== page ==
In 1520, Ferdinand Magellan made time in his worldwide seafaring schedule to stop in what is now Patagonia, where he encountered giants.
Magellan ordered one of his men to make contact with the giant (the emissary’s reaction would have to be seen but sadly has been lost in history), and thus be sure that exchanging dances and songs would lead to a demonstration of friendship.
It worked. The man was able to bring the giant to a small island off the coast, where the great captain awaited. The description of the scene was carried out by a scholar during the day, Antonio Pigafetta, who kept the travel diary that later became Magellan’s Voyage: First Voyage Around the World.
“When he stood before us, he began to wonder and fear, and he raised a finger upwards, believing that we came from heaven. He was so tall that the tallest of us was only up to his waist’, and he had a deep, resonant voice.
The illustration above proves it, Patagonia was once inhabited by giants who dwarfed the celestial Europeans who came to conquer them.
Okay, maybe that’s not a perfect test. But it could be that the people Magellan encountered, the Tehuelches, were indeed huge, and therefore this myth has some basis in reality.
On that small island, Magellan had his men give the giant food and drink, and then made the mistake of showing him a mirror.
“The moment the giant could see himself he was terrified,” wrote Pigafetta, “he jumped back throwing four of our men to the ground.”
But once things had settled down, the explorers proceeded to make contact with the rest of the tribe, hunting with them and even building a house to store their supplies while they stayed on the coast.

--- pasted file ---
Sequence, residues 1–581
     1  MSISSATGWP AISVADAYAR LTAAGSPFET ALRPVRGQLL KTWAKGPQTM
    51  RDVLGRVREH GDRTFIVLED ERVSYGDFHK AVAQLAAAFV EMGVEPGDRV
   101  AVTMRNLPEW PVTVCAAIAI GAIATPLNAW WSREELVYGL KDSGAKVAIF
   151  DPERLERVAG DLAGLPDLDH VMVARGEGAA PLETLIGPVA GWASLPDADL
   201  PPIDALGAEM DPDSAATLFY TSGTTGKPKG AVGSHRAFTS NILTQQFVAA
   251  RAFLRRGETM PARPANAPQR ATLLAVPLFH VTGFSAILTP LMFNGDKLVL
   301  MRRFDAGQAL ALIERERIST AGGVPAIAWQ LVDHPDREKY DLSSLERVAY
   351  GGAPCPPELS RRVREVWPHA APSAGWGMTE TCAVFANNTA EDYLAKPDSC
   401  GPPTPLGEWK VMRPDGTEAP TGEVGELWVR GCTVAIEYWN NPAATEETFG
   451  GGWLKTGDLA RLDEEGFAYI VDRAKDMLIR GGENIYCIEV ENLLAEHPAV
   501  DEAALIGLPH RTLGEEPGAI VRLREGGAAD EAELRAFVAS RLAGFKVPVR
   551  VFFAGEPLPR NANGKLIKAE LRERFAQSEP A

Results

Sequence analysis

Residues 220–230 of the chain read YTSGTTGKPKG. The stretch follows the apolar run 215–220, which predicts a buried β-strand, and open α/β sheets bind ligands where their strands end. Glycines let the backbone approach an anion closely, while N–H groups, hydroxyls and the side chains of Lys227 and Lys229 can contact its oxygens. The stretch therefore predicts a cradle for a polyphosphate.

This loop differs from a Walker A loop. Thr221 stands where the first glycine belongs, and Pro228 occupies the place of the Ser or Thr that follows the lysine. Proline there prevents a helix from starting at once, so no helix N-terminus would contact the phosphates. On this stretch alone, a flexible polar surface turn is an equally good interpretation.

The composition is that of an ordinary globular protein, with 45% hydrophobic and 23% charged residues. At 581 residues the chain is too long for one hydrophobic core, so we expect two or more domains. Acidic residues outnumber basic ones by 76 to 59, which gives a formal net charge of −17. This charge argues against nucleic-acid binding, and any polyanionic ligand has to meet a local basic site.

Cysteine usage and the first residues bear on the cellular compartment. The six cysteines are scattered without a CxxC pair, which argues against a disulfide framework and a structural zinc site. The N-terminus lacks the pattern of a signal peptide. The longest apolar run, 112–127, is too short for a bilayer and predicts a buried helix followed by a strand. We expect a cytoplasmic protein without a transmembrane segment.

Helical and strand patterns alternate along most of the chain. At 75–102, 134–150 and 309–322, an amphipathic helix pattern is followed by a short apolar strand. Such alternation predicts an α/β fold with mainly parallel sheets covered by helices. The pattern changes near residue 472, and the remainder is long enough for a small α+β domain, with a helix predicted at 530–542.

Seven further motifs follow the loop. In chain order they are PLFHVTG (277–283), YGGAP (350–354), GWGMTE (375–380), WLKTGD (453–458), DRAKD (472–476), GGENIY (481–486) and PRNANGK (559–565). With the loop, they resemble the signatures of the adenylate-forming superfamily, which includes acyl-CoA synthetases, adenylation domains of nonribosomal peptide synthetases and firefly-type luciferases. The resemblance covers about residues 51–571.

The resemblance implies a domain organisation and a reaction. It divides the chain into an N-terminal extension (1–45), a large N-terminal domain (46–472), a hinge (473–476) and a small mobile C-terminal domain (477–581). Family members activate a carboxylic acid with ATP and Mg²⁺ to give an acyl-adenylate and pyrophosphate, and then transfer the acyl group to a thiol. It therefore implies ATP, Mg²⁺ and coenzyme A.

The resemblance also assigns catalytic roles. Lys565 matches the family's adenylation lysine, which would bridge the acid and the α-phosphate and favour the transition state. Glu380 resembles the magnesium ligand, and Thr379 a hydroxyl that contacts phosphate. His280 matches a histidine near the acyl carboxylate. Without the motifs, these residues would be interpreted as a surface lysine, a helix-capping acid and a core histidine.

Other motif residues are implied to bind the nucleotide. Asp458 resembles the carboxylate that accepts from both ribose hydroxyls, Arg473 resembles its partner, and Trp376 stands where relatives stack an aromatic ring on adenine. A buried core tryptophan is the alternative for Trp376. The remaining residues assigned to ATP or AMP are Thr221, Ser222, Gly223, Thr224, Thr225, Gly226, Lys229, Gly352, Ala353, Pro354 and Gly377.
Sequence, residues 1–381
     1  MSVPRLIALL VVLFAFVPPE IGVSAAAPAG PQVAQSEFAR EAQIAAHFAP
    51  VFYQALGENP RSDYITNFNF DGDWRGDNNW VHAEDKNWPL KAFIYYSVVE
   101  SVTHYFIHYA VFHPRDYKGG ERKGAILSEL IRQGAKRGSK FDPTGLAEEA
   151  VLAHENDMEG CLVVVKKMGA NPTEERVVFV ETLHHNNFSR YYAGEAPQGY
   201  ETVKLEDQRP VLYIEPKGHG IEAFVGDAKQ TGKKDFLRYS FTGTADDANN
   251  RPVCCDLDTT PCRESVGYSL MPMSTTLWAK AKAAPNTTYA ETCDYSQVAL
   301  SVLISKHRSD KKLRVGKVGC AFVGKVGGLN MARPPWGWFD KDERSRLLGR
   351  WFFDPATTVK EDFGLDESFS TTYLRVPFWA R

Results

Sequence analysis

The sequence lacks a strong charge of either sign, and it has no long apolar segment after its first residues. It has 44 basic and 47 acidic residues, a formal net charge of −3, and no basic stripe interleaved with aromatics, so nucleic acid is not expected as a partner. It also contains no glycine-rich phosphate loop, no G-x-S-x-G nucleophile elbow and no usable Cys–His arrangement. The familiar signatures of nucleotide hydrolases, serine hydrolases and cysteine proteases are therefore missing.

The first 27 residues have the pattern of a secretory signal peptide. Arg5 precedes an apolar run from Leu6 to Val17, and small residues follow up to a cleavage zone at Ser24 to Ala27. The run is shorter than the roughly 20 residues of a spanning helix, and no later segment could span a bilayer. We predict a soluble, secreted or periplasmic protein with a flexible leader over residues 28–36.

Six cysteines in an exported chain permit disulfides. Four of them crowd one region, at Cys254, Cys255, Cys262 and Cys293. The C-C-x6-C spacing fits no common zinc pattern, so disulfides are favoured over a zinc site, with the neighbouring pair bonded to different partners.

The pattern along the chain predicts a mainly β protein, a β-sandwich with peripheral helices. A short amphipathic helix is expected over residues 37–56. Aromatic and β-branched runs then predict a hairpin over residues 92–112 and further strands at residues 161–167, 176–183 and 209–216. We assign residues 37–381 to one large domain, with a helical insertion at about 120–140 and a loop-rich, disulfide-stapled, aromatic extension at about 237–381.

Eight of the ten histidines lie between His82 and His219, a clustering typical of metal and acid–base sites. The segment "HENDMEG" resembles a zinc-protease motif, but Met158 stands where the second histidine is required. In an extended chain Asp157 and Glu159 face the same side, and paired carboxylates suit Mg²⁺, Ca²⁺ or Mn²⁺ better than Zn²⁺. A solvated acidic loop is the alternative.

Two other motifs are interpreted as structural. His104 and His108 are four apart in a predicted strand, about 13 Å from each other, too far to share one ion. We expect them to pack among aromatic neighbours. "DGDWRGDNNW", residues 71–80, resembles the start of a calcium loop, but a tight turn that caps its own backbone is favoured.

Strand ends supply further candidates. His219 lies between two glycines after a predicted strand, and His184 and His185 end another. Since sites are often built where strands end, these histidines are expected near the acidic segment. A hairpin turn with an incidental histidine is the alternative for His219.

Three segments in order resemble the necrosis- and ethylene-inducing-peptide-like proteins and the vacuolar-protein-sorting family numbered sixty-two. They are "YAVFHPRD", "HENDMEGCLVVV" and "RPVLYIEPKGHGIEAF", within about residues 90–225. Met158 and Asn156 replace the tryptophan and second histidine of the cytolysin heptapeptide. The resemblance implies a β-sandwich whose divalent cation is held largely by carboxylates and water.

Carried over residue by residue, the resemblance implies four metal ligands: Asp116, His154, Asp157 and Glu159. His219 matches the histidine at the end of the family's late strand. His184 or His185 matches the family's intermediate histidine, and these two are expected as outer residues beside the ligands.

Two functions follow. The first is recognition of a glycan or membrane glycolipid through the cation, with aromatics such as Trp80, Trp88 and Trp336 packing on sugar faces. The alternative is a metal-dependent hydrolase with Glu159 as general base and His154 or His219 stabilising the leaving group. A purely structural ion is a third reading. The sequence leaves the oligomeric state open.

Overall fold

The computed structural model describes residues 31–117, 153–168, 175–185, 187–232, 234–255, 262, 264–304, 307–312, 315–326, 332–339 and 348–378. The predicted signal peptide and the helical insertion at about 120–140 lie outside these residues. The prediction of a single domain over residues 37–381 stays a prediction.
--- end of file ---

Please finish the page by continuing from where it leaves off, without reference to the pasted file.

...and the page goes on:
After several weeks with the tribe, Magellan came up with a plan: he had to kidnap two of them and take them back with him to Spain to test these giants he had discovered.
“But this had to be cunningly plotted, otherwise the giants would have gotten our men into trouble.” Magellan offered them all kinds of metal products to waste their time, such as mirrors, scissors and bells, so they wouldn’t mind putting handcuffs and chains on their legs.
“Whereupon these giants were pleased to see these chains, not knowing where to put them.” Magellan, however, lost evidence of him during the long journey back to Spain. The giants did not survive.
But what Magellan and Pigafetta brought back was that story and the new name of the land of the giants, Patagonia, its etymology is still not entirely clear. Some argue that it means “Land of the big feet”, because of the “leg”.
Although Magellan most likely took his name from a novel popular at the time, Primaleón was called, and he told about a race of wild people called the Patagonians.
Although they let the British pour cold water on the whole affair, Sir Francis Drake managed to come into contact with the Patagonians themselves, as his nephew summarized in The World Encompassed in 1628: